One Nation, underground.

The law, lawyers, and the court.
Feb. 8 2006 2:01 PM

One Nation, Underground

Why new mining legislation is like throwing a pebble into a mine shaft.

(Continued from Page 1)

In short, in the 30-year period prior to enactment of these safety statutes, more than 19,000 miners were killed in the nation's coal mines. Whereas in the 30-year period following enactment of the 1969 Mine Act, there were 86 percent fewer coal-mining deaths. But this steady stream of union-led victories was purchased at a price that's now coming due. During the 1970s, a growing chasm between workers and union officials led to legislative gains but long-term animosity and even longer-term decline. That stormy decade began with the UMWA's former President Tony Boyle being convicted of ordering the murder of one of his rivals and sentenced to life in prison. It ended with his successor, Arnold Miller, resigning because the rank-and-file membership ignored his calls to cooperate with mine owners and the Democratic Party leadership.

The UMWA went into a free fall in 1981, after President Ronald Reagan broke the national air-traffic-controllers' strike. The union's leaders, as was true in other industries, simply threw up their hands and cooperated with the mining companies. In 1982, attorney Richard Trumka became president of the union. In the following years, he continued to override the union's historic commitment to fight by canceling strikes and appeasing owners. The UMWA lost its remaining political leverage and watched its membership evaporate. Today, according to the union's own optimistic estimates, only about 30 percent of all mines are organized.

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Cecil E. Roberts, current UMWA president, seems to support safety improvements. He testified before Congress in late January and then hit the media circuit for a couple weeks. He recently partnered with the MSHA to win an injunction in federal district court in West Virginia against Sago's operator after miners' representatives from the UMWA were denied access to the mine during a federal investigation.

Important victories, yes. But, viewed against the UMWA's track record, this rather tepid response to the Sago disaster doesn't measure up. While it is critical that legislators continue to call for improving MSHA's ability to carry out safety inspections and to punish noncompliant mine owners, history suggests that lasting gains in this area can occur only with organized miners at the helm. Because without angry union officials agitating about unsafe working conditions and threatening to call in federal inspectors, there is simply no pressure on owners to make changes. All the new laws in the world are useless without union officials to push for their enforcement.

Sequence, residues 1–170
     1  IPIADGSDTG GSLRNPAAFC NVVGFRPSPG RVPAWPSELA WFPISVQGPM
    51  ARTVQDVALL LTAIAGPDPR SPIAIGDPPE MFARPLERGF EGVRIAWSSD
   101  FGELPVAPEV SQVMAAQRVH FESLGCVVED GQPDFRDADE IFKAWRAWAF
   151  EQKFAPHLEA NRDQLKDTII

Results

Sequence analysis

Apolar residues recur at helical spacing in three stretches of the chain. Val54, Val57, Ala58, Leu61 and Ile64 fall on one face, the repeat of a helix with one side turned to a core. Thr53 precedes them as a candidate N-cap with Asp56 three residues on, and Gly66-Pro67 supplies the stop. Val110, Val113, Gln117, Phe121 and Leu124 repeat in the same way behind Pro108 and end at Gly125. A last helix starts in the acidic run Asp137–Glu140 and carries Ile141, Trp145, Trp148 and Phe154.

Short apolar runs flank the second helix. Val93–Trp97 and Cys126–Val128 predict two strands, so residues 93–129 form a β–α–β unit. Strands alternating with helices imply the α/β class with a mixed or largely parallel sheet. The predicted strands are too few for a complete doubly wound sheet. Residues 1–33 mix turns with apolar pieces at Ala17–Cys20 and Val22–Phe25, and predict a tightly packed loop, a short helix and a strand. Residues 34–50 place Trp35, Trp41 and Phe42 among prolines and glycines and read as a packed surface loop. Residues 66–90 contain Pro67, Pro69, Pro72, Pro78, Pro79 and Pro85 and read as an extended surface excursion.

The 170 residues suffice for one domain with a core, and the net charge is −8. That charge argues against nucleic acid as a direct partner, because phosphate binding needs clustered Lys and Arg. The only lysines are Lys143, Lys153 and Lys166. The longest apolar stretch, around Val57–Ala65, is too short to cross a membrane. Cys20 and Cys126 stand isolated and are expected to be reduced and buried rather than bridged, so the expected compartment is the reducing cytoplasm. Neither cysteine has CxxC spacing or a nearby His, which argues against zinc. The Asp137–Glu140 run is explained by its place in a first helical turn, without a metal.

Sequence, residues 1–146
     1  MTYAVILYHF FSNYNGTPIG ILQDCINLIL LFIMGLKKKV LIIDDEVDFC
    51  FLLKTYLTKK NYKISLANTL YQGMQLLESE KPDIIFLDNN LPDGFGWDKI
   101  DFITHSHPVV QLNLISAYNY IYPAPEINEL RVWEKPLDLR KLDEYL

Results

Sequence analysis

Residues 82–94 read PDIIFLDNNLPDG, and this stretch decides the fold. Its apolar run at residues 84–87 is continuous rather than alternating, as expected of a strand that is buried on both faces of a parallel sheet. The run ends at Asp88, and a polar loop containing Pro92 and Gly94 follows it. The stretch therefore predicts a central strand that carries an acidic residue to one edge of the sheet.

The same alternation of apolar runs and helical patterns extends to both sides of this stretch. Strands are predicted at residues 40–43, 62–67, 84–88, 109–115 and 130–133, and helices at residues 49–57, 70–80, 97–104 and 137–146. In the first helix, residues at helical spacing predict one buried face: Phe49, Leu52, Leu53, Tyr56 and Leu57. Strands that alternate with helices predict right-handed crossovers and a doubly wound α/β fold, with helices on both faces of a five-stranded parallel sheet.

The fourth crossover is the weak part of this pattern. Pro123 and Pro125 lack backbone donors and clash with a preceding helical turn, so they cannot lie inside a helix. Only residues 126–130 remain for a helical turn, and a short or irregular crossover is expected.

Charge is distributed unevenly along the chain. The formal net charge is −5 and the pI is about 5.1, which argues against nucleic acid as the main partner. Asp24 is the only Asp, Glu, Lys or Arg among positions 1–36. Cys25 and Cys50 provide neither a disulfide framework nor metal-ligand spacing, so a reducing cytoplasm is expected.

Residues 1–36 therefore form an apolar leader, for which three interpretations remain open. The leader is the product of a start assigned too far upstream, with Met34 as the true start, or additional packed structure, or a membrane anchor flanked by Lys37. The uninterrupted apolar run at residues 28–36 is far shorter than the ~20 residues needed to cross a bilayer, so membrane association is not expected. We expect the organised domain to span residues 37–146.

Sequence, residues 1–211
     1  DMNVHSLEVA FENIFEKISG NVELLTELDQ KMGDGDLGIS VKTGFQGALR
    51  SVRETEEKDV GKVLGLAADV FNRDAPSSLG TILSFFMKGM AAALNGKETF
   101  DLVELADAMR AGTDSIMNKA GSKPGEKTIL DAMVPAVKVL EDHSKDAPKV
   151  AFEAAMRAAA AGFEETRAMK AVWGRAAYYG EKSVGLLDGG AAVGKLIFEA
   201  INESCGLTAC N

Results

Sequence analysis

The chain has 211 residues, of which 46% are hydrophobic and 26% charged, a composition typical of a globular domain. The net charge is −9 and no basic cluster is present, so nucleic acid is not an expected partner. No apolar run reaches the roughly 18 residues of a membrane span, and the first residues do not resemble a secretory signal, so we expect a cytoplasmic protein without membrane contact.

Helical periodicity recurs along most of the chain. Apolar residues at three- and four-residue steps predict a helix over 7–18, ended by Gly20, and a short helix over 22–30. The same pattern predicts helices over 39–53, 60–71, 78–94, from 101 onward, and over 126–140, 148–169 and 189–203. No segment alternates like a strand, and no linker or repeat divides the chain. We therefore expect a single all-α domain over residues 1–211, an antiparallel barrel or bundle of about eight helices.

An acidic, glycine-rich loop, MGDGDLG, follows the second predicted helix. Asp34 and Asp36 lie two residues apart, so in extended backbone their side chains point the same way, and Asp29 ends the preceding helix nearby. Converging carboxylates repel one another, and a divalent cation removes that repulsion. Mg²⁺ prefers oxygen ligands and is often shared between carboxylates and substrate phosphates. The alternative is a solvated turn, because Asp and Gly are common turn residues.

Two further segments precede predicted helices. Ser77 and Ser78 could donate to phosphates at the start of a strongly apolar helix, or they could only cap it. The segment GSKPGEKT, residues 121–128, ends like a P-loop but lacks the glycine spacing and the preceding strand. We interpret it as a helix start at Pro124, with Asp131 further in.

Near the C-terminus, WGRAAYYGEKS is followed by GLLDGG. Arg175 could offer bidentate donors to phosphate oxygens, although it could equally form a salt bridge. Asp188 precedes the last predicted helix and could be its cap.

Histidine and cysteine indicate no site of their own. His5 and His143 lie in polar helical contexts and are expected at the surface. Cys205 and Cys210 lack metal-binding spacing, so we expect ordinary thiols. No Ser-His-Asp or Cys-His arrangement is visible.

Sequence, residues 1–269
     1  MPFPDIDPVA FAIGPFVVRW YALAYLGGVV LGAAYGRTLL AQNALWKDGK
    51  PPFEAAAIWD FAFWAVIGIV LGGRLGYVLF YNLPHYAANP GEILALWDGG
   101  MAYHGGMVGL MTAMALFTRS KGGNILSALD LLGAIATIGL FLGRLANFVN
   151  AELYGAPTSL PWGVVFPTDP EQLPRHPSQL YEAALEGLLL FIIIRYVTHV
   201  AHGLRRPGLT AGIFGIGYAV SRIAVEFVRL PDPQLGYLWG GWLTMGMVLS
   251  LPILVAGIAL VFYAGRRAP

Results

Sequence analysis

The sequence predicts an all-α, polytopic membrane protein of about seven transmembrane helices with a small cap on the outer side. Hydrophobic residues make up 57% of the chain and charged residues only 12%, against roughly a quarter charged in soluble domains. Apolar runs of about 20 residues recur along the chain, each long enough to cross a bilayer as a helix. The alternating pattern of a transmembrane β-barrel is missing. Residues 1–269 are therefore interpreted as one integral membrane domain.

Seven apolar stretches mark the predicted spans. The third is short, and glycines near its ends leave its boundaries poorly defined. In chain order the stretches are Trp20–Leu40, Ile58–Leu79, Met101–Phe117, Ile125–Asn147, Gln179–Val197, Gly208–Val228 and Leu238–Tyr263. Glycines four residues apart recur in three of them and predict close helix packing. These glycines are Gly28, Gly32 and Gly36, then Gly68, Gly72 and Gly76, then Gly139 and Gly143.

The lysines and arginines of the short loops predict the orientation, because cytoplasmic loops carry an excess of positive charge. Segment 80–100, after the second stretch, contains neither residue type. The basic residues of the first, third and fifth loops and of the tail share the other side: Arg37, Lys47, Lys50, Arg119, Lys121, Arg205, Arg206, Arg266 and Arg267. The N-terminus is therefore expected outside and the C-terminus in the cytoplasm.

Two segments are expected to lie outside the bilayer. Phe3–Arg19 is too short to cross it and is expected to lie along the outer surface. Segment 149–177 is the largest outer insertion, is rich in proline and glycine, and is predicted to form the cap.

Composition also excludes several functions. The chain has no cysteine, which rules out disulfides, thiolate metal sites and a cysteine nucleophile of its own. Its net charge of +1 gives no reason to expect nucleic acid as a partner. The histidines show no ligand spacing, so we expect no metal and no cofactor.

In 1998, the Louisville Courier-Journal reviewed nearly 25,000 federal health records for Kentucky underground coal mines (96 percent of which, at the time, were nonunion). The newspaper concluded that "small, non-union mines generally pay less, cheat more on dust tests and don't have union stewards demanding compliance with costly safety regulations."

Perhaps more fundamentally, union mines instill—and can at times reward—a greater sense of collective responsibility than nonunion mines. In stark contrast to the Sago disaster, on Jan. 29, the lives of all 72 unionized miners trapped in a Saskatchewan potash mine were saved after a devastating, toxic machine fire trapped them underground. When the workers reached the surface more than 24 hours later, virtually all of them credited the emergency training they had received—including practices and rehearsals. Their union—Communications, Energy and Paperworkers—had pushed for this training, and the union had also agitated to allow miners to earn paid time to prepare for underground disasters.

Newspaper accounts described how the men in Saskatchewan did exactly what they had practiced: At the first sign of fire, they retreated to sealable refuge stations stocked with supplies, beds, and pure oxygen. They calmed each other, led other miners to the "safe zones," and waited for rescue teams. Could stricter safety guidelines, on their own accord, have generated such preparation and cooperation? Maybe, but probably not.

The old-time miners—the ones who remember the UMWA in its prime and yearn for those long-gone days of action and confrontation—know that courts and politicians can be only marginally helpful. They would say that even with all the well-meaning legislators rushing to pass new laws this month, the only thing that will save future accident victims will be the long-term collective effort of the miners themselves, pushing hard to make their work, and their lives, count.

Noah Leavitt teaches at Whitman College.

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